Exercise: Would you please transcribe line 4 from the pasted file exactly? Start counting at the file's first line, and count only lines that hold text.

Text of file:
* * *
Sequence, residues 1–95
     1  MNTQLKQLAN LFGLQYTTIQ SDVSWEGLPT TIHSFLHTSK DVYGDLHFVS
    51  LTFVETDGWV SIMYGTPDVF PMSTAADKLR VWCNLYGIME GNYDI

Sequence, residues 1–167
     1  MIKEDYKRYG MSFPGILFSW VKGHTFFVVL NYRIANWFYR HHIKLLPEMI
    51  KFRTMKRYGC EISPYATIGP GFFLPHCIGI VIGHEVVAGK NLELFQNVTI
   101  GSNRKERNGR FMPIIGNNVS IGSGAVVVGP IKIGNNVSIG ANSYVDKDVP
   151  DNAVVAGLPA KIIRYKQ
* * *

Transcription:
Sequence, residues 1–167